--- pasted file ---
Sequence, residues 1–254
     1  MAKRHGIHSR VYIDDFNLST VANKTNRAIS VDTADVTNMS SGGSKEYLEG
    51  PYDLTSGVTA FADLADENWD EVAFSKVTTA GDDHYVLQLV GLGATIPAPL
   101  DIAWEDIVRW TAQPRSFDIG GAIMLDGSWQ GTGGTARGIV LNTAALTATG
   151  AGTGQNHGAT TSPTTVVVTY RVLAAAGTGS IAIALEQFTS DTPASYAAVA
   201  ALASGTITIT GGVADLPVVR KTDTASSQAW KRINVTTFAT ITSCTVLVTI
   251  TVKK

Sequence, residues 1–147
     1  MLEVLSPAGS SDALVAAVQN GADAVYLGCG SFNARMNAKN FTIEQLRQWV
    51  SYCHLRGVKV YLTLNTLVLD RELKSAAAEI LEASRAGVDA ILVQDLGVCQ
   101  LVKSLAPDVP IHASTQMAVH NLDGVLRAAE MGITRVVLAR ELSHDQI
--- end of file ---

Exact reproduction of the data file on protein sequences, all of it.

Sequence, residues 1–254
     1  MAKRHGIHSR VYIDDFNLST VANKTNRAIS VDTADVTNMS SGGSKEYLEG
    51  PYDLTSGVTA FADLADENWD EVAFSKVTTA GDDHYVLQLV GLGATIPAPL
   101  DIAWEDIVRW TAQPRSFDIG GAIMLDGSWQ GTGGTARGIV LNTAALTATG
   151  AGTGQNHGAT TSPTTVVVTY RVLAAAGTGS IAIALEQFTS DTPASYAAVA
   201  ALASGTITIT GGVADLPVVR KTDTASSQAW KRINVTTFAT ITSCTVLVTI
   251  TVKK

Sequence, residues 1–147
     1  MLEVLSPAGS SDALVAAVQN GADAVYLGCG SFNARMNAKN FTIEQLRQWV
    51  SYCHLRGVKV YLTLNTLVLD RELKSAAAEI LEASRAGVDA ILVQDLGVCQ
   101  LVKSLAPDVP IHASTQMAVH NLDGVLRAAE MGITRVVLAR ELSHDQI